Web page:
First Robotic Drone Created in 350 BC?

By Tara MacIsaac, Epoch Times
October 14, 2014 Updated: October 14, 2014

In 350 B.C., mathematician and founding father of mechanics Archytas of Tarentum invented a wooden mechanical dove.

“Archytas’ invention is often cited as the first robot, and, in light of recent technological advancements, perhaps we could even consider it to be the first drone; the very first machine capable of autonomous flight,” wrote Jimmy Stamp in a Smithsonian article.

Stamp isn’t the only one to consider this flying dove a pioneering drone. A modern unmanned aerial vehicle (UAV)—i.e., a drone—developed by the Aeronautics Department at the U.S. Naval Postgraduate School was named for Archytas in 1993. 

The writings of Aulus Gellius, a Roman, describe the automaton as steam-propelled. Few details are given about the object, which was said to have mystified and amused the citizens of Tarentum, according to educational materials developed by NASA. NASA described it as “one of the first devices to successfully employ the principles essential to rocket flight.”

While steam propelled the bird, it’s motion may have been guided by wires. It may have actually been a catapult, according to the Stanford Encyclopedia of Philosophy.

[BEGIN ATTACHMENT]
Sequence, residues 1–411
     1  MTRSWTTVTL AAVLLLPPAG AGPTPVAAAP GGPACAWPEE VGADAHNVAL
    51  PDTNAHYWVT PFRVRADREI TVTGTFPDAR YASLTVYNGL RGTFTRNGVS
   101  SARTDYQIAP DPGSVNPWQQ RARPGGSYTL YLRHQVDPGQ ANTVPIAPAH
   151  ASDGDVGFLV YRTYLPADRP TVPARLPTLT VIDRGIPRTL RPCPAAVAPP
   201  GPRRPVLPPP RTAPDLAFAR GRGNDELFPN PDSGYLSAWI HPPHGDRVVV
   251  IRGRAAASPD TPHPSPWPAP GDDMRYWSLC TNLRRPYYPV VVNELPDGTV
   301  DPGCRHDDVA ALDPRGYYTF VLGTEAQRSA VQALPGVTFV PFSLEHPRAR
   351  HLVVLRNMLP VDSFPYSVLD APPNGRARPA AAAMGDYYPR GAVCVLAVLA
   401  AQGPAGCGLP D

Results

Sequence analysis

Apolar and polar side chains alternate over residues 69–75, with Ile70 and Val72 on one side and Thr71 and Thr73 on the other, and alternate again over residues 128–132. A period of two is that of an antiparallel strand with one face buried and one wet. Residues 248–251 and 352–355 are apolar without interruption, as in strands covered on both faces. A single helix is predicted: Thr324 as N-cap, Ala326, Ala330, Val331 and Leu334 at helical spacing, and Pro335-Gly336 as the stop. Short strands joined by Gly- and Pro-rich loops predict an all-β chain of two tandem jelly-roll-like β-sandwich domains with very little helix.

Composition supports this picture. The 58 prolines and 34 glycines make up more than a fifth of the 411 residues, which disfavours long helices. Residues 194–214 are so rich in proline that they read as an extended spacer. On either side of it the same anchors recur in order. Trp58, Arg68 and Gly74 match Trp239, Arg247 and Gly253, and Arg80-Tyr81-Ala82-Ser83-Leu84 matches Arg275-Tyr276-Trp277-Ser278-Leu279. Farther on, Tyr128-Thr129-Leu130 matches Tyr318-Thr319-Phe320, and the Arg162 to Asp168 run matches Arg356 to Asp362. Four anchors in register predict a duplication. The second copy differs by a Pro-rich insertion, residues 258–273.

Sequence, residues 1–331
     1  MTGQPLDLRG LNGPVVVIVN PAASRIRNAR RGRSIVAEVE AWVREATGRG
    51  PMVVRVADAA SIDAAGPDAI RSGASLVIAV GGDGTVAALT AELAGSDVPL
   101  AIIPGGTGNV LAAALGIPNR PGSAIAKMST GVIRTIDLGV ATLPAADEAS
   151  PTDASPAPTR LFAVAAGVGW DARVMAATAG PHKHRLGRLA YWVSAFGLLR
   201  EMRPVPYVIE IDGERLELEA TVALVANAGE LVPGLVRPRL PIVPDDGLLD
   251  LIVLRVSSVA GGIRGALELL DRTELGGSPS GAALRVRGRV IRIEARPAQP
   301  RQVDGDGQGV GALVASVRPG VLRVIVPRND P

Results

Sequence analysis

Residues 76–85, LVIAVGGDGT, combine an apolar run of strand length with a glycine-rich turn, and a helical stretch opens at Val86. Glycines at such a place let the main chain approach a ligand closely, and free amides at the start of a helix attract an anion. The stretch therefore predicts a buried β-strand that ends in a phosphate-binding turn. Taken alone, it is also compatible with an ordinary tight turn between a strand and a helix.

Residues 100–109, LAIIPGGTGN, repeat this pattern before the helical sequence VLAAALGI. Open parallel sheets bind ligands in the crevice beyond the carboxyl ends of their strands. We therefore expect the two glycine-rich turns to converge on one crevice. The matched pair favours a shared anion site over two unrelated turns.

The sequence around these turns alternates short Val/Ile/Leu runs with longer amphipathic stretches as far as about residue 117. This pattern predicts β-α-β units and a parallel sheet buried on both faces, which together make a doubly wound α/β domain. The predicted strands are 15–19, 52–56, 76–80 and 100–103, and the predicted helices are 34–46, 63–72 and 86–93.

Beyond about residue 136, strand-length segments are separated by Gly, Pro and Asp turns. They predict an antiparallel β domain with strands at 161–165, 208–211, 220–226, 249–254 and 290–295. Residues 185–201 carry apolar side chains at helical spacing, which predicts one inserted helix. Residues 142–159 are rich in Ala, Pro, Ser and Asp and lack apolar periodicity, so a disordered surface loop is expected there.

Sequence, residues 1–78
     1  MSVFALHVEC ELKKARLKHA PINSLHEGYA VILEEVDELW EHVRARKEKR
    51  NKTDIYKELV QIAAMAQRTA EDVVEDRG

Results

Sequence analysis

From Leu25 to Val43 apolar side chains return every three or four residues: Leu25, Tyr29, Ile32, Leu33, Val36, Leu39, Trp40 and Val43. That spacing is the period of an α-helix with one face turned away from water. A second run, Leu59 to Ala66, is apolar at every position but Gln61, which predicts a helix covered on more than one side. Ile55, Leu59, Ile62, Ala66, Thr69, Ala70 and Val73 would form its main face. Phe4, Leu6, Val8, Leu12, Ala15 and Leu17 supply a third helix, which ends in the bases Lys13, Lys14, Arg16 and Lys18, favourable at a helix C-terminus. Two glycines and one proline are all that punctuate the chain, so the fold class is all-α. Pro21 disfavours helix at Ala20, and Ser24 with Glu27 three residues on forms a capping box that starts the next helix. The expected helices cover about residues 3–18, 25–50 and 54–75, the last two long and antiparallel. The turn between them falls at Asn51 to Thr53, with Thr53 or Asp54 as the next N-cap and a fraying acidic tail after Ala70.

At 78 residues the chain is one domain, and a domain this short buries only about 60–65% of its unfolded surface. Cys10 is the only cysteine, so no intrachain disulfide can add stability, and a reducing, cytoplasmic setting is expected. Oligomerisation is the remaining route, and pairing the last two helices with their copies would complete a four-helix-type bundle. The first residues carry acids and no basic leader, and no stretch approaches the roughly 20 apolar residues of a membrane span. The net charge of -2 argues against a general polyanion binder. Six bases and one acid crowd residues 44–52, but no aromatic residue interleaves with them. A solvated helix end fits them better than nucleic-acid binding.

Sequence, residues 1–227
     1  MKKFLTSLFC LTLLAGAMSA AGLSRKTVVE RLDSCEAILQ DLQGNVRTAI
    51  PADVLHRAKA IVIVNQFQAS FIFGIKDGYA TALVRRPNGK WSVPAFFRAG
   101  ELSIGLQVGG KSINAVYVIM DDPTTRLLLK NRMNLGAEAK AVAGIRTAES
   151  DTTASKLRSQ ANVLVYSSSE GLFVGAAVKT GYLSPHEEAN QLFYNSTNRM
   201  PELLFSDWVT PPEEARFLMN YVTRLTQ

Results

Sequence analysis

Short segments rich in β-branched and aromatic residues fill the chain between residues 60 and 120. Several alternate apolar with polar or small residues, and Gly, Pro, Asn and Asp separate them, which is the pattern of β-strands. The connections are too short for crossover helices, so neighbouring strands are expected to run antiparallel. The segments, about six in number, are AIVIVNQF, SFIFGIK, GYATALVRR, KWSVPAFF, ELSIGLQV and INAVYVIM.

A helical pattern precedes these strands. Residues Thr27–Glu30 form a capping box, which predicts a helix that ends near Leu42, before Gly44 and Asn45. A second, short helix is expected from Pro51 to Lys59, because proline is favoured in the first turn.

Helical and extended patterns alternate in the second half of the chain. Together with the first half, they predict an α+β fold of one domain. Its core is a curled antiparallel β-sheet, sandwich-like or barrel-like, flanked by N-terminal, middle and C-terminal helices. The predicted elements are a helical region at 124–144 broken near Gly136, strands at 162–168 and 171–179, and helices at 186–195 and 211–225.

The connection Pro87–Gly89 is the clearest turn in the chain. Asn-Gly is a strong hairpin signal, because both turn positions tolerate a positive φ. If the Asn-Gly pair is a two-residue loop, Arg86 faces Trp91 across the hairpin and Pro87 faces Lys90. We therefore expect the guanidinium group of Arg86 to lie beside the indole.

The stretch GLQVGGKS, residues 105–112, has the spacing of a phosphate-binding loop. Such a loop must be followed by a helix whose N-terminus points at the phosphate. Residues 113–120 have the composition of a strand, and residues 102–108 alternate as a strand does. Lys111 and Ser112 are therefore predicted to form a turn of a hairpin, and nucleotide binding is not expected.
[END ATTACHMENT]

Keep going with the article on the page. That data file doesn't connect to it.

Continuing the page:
The Encyclopedia states: “It has been suggested that, since ancient siege devices were called by the names of animals (e.g., ‘tortoise’ and ‘crow’), Archytas’ ‘dove’ might have been an early catapult of his devising, or a projectile hurled by such a catapult, which was later misunderstood to be a mechanical dove. … However, no ancient source explains the dove in this way.”

About 300 years after Archytas built his dove, the Greek inventor Hero of Alexandria built what’s considered the first steam engine on similar principles. A fire under a kettle heated water, creating steam that was channeled through two L-shaped tubes on either side of a sphere, causing the sphere to rotate. The device was called an aeolipile. 

An illustration of Hero of Alexandria’s aeolipile from Knight’s American Mechanical Dictionary, 1876. (Wikimedia Commons)


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*Image of a wooden bird and a conceptual illustration of ancient mechanics via Shutterstock